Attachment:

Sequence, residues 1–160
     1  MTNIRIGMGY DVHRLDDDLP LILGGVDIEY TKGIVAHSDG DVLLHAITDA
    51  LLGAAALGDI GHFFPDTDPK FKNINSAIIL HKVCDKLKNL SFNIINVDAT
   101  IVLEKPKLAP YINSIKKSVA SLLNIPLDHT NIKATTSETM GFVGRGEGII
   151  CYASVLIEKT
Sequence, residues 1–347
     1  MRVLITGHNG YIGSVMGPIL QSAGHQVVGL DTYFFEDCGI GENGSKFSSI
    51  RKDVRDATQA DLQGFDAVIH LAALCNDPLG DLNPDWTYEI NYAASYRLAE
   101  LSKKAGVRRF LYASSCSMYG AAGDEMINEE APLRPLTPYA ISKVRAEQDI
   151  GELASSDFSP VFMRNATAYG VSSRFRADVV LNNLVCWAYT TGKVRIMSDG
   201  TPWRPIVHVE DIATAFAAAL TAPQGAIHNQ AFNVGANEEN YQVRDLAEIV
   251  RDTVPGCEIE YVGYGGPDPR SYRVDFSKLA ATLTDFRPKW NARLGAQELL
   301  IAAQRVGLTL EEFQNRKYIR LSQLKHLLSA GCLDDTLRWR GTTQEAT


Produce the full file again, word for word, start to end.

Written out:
Sequence, residues 1–160
     1  MTNIRIGMGY DVHRLDDDLP LILGGVDIEY TKGIVAHSDG DVLLHAITDA
    51  LLGAAALGDI GHFFPDTDPK FKNINSAIIL HKVCDKLKNL SFNIINVDAT
   101  IVLEKPKLAP YINSIKKSVA SLLNIPLDHT NIKATTSETM GFVGRGEGII
   151  CYASVLIEKT
Sequence, residues 1–347
     1  MRVLITGHNG YIGSVMGPIL QSAGHQVVGL DTYFFEDCGI GENGSKFSSI
    51  RKDVRDATQA DLQGFDAVIH LAALCNDPLG DLNPDWTYEI NYAASYRLAE
   101  LSKKAGVRRF LYASSCSMYG AAGDEMINEE APLRPLTPYA ISKVRAEQDI
   151  GELASSDFSP VFMRNATAYG VSSRFRADVV LNNLVCWAYT TGKVRIMSDG
   201  TPWRPIVHVE DIATAFAAAL TAPQGAIHNQ AFNVGANEEN YQVRDLAEIV
   251  RDTVPGCEIE YVGYGGPDPR SYRVDFSKLA ATLTDFRPKW NARLGAQELL
   301  IAAQRVGLTL EEFQNRKYIR LSQLKHLLSA GCLDDTLRWR GTTQEAT